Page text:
Some publicity for the first round of papers from the COIN collaboration: the COsmostatistics INitiative. Both are concerned with promoting Generalized Linear Modelling as a stand-alone tool for basic astronomical analysis (especially exploratory analysis) and as a launching point for more sophisticated statistical analyses (such as for building hierarchical models for errors-in-variables logistic regression and so on). Paper I (de Souza et al.) introduces GLMs and presents an application of logistic and probit regression to the quantification of trends in ‘observations’ from a cosmological simulation; while Paper II (Elliott et al.) presents an application of gamma regression to prediction of galaxy redshifts given broadband photometry only (i.e. photometric redshifting).
Hopefully these papers will be successful at bringing attention to this family of regression techniques, the application of which is already widespread in healthcare settings, finance, insurance, and many other such quantitative fields perhaps attractive to astronomy PhD graduates. For instance, one of my statistical colleagues from QUT noticed that when she went for her regular check ups during pregnancy her doctor was using the model from a pre-fitted logistic regression to estimate the probability of birth difficulties based on her measured weight, blood pressure, age, resting heart rate, etc. Likewise, a British-based statistician I know took a break from academia before his PhD during which he used to fit logistic regression models for the tax office to identify the characteristics of business groups with unusually high propensity to tax avoidance (beyond the obvious, like off-meter taxis, of course!). Perhaps more exciting is the role of negative binomial regression (also from the GLM family, with fixed over-dispersion parameter) in computing betting odds for sports scores (e.g. in premier league football). In my day job we use logistic and negative binomial link functions in the hierarchical likelihood computation for our malaria parasite prevalence maps.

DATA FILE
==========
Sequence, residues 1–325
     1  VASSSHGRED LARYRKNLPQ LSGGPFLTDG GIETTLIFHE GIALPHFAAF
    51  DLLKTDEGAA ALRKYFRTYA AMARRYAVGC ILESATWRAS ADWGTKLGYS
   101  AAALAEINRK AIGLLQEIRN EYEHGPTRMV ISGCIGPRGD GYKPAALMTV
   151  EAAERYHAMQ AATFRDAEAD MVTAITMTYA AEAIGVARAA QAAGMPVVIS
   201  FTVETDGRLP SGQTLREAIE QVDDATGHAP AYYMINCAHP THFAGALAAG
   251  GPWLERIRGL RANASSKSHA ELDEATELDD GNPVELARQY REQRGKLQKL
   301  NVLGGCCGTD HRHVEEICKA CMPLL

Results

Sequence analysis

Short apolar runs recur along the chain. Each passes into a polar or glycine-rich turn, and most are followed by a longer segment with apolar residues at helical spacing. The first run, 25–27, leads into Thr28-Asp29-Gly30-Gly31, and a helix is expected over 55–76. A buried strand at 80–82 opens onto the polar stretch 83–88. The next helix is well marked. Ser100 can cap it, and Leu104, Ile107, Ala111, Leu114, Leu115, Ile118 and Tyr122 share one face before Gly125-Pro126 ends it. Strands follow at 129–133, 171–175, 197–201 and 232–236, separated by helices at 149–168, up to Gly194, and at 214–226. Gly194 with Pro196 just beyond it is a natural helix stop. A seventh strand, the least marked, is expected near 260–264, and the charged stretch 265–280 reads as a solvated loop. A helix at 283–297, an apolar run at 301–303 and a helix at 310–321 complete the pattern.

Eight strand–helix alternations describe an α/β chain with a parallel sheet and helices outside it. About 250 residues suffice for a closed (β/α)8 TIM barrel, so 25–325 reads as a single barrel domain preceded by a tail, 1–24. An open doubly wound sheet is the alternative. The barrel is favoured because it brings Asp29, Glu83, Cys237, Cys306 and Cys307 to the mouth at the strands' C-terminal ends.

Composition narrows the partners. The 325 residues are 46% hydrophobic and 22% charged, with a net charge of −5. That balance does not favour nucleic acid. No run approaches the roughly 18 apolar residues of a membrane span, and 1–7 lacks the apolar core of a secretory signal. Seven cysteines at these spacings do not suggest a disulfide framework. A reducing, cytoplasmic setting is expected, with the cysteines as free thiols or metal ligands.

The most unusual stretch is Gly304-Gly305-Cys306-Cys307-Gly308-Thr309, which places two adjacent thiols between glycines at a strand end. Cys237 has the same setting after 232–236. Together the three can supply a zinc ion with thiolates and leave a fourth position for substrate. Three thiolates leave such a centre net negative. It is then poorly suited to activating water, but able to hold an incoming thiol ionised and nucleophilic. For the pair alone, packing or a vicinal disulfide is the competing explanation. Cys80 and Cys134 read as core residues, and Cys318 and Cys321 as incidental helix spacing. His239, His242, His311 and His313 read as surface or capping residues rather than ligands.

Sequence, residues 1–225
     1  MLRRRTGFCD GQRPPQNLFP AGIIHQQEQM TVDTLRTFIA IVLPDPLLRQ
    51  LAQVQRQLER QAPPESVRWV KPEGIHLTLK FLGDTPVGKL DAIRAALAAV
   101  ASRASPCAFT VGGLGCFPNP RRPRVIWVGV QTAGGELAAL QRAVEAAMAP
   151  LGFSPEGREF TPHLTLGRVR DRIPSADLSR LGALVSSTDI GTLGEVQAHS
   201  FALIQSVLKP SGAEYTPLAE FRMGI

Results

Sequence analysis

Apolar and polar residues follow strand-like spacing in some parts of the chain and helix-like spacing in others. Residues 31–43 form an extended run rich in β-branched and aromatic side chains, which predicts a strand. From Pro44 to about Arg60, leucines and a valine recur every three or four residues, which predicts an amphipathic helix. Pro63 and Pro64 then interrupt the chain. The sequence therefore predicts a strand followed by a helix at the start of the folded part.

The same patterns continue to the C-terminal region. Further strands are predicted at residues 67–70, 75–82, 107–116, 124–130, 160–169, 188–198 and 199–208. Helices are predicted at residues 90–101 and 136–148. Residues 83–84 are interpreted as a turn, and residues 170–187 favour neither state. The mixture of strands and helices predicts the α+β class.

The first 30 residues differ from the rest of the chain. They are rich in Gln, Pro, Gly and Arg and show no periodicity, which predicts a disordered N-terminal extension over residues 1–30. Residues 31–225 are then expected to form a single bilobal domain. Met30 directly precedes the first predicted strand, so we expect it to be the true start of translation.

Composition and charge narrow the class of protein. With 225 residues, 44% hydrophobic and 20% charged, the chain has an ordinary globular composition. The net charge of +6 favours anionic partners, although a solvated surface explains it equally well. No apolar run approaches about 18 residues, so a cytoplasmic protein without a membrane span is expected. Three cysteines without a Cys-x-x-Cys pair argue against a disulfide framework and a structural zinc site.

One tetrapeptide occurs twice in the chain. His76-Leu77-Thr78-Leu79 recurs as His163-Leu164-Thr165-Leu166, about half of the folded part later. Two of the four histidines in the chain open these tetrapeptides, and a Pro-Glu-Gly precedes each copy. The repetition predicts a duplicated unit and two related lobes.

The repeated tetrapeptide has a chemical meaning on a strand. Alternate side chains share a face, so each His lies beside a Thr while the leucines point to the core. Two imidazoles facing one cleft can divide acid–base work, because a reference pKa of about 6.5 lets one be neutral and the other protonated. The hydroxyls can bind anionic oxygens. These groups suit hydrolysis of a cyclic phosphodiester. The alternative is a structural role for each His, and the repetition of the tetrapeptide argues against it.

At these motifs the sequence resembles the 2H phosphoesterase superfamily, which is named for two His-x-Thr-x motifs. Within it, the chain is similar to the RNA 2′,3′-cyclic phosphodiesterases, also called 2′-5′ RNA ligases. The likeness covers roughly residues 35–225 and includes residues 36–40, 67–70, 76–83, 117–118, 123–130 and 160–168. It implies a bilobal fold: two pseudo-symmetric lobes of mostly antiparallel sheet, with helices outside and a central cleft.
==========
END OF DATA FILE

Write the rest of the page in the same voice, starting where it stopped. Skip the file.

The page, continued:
Anyone interested in contributing to future COIN projects is warmly invited to contact Rafael de Souza (rafael dot 2706 at gmail dot com) to discuss ideas and gain access to the COIN group on the AWOB (astronomer’s workbench) collaborative tool. The COIN team is very much non-hierarchical with no “core team” of people grandfathered in to future papers; only those who collaborate on a particular project go on that author list. On the other hand, there is a wide range of expertise within the team and it may be that some ideas will benefit from (or perhaps only become possible by) drawing on the experiences of many team members. If the enthusiasm is there, some ideas for future COIN projects might include applications highlighting the utility of quantile regression, propensity score matching, and/or meta-analysis techniques for astronomy. Again, all of these have strong relevance to outside fields as well (esp. medical research / epidemiology / population health). Also worth noting is that, although the focus of Paper I and II is relatively shallow (meaning here, introductory) coverage of a wide ranging topic (GLMs), one could easily push future projects in a deeper statistical or application direction: Bayesian versions of quantile regression can take a difficult non-parametric form, for instance.